And we're well adjusted to the nearby forest. We've entered into a gift exchange relationship with it, stomping down blackberries so they become dynamic soil-building and soil-holding ground covers, no longer a dry cane fire threat, nor a dominating species.
When we lay down the 2m high canes and let in sunlight to the earth, the gods of the forest offer up gifts for our efforts. In this case parasol mushrooms. Yum!
A few simple hand tools is all we need to engage in a stewardship relationship with the forest.
One of the reasons we want to reduce the fuel load in the forest is because land management authorities deem it unsafe every few years, and set fire to it. This affects not only the global climate, but the local ring tail possums who build their dreys in the forest's hawthorns and apple trees. The hawthorns and wild apples are considered weeds around here and have no ecological status, so they can be burnt and cut and poisoned. However, if we use the fallen wood of the forest to heat our home, press the blackberries down to a groundcover, and thus limit the need for burn-offs, then the humus and moisture levels build up in the forest lessening the chance of fire.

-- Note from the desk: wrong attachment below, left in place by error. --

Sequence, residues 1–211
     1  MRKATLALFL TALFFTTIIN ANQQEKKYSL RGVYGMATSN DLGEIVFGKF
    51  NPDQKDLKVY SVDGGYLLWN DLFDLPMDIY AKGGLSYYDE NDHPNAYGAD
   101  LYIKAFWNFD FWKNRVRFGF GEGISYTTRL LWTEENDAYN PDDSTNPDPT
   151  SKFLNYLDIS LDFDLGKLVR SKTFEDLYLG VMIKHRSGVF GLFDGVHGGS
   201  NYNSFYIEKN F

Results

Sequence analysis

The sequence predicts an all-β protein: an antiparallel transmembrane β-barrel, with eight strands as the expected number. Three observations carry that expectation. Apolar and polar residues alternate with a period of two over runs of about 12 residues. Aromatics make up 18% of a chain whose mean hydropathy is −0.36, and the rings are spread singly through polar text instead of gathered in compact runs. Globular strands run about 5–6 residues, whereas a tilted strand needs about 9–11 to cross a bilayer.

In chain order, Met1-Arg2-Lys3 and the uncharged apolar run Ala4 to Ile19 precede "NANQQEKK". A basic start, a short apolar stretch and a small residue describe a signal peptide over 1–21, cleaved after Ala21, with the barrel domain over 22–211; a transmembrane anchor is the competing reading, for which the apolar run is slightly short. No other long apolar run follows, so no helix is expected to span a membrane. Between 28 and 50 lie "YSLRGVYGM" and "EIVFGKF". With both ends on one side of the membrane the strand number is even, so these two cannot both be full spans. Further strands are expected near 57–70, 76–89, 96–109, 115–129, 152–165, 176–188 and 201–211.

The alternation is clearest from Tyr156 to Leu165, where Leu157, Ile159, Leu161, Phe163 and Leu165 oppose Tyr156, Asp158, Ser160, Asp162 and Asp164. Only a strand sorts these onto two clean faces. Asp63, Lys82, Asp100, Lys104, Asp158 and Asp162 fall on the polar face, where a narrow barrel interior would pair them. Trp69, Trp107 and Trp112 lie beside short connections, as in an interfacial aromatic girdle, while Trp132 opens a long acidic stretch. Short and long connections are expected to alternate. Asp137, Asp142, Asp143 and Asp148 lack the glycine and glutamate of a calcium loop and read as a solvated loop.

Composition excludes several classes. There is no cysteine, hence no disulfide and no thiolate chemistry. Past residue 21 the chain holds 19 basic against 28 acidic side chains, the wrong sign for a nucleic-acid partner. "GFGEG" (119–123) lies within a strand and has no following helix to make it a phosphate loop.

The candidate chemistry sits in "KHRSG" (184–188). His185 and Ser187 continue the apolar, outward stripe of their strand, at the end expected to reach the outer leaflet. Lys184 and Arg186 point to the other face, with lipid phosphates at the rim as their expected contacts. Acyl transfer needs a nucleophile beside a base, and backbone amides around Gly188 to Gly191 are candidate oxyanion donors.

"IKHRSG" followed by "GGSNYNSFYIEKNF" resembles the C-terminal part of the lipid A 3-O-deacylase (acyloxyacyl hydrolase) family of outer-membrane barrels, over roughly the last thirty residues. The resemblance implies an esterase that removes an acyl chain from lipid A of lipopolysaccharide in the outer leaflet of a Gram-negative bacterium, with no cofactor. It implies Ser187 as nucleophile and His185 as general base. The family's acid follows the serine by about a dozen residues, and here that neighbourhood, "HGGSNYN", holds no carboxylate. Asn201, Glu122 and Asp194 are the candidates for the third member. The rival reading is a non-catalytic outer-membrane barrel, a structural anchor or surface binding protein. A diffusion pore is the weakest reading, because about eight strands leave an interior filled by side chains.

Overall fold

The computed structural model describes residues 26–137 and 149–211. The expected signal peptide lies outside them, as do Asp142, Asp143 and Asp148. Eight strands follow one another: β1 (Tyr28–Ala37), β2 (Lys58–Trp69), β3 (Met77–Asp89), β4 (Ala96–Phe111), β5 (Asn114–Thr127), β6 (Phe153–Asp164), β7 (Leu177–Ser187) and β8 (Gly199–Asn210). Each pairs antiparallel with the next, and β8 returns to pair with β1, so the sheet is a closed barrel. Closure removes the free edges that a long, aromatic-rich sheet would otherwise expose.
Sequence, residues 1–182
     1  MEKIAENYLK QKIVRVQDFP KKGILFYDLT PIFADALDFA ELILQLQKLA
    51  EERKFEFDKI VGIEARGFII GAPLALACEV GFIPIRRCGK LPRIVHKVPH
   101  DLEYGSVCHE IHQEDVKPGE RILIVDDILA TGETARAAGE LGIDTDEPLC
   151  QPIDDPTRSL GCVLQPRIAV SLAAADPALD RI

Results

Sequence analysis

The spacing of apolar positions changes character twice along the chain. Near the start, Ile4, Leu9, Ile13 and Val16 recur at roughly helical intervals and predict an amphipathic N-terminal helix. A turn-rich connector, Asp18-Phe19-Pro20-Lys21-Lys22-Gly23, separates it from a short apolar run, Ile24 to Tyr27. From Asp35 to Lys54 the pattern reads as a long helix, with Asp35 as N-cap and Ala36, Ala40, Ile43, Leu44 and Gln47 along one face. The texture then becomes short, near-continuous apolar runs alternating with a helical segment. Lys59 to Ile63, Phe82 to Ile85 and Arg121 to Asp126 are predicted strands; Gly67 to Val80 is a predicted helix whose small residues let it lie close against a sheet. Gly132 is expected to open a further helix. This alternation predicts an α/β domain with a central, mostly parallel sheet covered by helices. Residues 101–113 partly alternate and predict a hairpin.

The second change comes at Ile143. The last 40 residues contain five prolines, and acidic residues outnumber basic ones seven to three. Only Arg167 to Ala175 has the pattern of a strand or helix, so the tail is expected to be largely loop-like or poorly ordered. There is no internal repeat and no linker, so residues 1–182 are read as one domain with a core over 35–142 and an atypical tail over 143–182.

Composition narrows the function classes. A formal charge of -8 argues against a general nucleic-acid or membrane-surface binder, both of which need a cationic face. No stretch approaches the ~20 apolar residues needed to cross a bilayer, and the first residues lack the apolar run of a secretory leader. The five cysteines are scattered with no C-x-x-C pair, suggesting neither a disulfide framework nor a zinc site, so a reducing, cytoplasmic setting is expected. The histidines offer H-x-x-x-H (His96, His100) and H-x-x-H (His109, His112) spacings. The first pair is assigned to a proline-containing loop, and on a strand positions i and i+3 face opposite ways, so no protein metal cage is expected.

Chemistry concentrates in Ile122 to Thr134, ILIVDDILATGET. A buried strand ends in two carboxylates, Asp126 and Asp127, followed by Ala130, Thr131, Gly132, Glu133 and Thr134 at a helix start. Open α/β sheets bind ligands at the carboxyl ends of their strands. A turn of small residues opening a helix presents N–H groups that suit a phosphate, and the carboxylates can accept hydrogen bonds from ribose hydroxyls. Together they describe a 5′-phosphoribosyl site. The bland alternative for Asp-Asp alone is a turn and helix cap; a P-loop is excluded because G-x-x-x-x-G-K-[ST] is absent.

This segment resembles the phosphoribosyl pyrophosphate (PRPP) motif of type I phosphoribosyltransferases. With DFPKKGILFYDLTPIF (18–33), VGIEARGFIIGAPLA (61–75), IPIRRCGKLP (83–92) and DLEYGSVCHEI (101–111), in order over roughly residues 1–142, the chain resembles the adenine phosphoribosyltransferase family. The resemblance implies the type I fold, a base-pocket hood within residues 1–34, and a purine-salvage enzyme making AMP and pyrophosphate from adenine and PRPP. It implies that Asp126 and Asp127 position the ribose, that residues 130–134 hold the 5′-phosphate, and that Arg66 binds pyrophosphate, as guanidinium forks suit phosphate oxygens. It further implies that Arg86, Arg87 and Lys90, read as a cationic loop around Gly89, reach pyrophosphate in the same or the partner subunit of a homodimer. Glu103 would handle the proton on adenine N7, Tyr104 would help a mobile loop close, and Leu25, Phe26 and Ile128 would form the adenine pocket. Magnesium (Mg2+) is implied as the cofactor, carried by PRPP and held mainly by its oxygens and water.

Designing more community gardens is part of our public work too. This simple little garden (stage1) is about to go ahead at the local child-care centre. And with not a penny spent.
Eating weeds is another example of gift exchange with our biological commons or locasphere. The below weed is wild radish, the plant Patrick has chosen to feature (and give status back to) in the next Pip magazine Eat Your Weeds column.
Wild mushrooms are also a part of the gifts that return from the gods once a relationship is established.